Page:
I never bought one and I never felt like I was missing anything. Your school library will undoubtedly have a giant Black's LD, and dictionary.law.com is useful for the less obscure stuff.
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Messages - JD_MSA
There is not necessarily any relationship between being an "A" student and being talented at teaching.
Amen to that.
I got a great winter suit on eBay for $20. I'm a little taller than average, so if I'm buying online, I stick to skirt suits to keep the necessary alterations to a minimum. For pant suits, I'm a JCPenney/Bon-Ton girl. I have no need for anything special.
That's how I do it, because I too am on a fine line. On my resume I have something like "Top 30%, 26/100." (No, that is not my real rank.)
I've used StoreLaw, Juristudents, and Word. I prefer Juristudents over StoreLaw and Word over both of them.
I liked the old StoreLaw "Student Edition," but then they revamped it, and I found it too complicated (too much switching back and forth between screens). I really liked Juristudents because I could see my brief at the same time I was taking notes, and I would recommend it to a 1L who is looking for something that's not Word. Both of those programs are very case-oriented. Once I got past my first year and stopped briefing (okay, I still book brief), I found that MS Word was the best option because by that time I knew how to take what I needed from the cases and condense it into outline form.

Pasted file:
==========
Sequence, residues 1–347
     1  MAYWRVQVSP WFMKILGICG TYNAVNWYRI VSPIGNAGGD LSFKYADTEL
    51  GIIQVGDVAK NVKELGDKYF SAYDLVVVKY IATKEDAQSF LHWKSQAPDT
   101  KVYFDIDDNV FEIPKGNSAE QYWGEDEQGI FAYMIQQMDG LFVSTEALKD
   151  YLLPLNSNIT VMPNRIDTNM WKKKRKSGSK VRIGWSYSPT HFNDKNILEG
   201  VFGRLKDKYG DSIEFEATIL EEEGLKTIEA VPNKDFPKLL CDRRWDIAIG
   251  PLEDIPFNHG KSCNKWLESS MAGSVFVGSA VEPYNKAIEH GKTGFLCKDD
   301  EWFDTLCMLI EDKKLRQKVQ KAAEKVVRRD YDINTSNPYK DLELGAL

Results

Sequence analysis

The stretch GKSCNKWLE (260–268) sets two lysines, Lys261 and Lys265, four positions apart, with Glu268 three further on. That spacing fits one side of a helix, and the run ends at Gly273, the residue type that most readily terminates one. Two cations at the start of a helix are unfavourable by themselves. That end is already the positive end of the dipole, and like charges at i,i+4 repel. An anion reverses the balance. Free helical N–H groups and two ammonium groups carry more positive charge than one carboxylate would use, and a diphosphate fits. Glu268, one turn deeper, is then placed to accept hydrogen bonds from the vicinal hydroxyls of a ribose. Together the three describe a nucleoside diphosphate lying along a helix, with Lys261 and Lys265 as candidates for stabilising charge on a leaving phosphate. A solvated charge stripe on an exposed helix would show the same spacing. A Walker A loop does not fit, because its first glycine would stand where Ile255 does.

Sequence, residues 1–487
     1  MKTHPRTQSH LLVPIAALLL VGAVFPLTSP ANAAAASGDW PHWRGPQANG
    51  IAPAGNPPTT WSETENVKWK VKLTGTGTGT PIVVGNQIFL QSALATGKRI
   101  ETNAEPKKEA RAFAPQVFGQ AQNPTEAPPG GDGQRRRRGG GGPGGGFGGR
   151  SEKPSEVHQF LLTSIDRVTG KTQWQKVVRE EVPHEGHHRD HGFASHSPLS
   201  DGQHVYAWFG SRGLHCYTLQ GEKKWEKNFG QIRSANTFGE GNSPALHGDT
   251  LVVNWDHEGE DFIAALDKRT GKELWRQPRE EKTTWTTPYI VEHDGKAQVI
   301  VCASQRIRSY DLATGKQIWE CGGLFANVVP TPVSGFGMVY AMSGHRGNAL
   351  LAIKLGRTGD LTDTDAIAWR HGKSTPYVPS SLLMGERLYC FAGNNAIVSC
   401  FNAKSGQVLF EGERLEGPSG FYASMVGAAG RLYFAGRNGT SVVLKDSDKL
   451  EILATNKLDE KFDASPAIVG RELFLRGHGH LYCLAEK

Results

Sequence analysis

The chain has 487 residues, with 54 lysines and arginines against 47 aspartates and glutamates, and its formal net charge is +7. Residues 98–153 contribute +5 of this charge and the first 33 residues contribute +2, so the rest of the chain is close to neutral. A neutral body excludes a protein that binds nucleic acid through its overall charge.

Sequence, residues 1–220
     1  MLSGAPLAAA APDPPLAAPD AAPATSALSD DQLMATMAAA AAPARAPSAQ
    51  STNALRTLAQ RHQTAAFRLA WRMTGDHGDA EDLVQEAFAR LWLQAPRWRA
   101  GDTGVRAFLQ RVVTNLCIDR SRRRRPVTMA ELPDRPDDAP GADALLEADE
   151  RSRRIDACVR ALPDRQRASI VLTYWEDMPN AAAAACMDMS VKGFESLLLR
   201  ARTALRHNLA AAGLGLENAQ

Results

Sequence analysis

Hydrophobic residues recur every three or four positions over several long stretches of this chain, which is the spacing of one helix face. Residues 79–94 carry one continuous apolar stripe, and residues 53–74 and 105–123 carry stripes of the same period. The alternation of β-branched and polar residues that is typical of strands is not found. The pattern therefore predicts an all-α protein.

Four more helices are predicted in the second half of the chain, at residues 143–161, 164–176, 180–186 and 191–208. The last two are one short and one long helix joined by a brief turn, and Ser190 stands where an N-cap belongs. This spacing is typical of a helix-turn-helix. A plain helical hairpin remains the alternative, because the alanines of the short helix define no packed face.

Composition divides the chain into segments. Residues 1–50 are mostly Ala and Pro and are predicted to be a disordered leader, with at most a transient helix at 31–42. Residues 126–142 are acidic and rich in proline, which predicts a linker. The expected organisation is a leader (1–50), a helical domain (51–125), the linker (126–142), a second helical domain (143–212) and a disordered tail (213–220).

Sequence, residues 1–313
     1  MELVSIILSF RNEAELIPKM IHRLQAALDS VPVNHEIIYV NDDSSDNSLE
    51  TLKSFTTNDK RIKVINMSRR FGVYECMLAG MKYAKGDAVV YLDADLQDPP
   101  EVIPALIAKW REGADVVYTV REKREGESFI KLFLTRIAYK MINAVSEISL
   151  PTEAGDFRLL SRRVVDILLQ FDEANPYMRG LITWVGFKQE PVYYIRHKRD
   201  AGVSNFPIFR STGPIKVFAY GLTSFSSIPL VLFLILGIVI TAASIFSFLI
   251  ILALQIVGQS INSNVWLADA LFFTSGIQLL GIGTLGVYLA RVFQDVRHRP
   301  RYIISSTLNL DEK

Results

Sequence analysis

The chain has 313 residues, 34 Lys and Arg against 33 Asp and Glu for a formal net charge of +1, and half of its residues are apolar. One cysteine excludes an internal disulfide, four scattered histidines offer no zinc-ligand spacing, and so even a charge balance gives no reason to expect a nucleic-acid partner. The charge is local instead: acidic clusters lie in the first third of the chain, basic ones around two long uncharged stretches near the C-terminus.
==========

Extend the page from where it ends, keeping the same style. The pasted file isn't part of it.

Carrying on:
When I was choosing electives, I would look for bar courses first and usually take anything that fit into my schedule. After that, I took whatever I wanted. Honestly, I don't know what employers think, but there is a major advantage to taking courses you are interested in: you are more engaged in class, which leads to better learning, which (hopefully) leads to better grades. So maybe it's a trade-off--a prospective employer may not care that you took American Indian Law, but, hey look, you got another A. Also, I think interesting courses give you something to talk about during job interviews.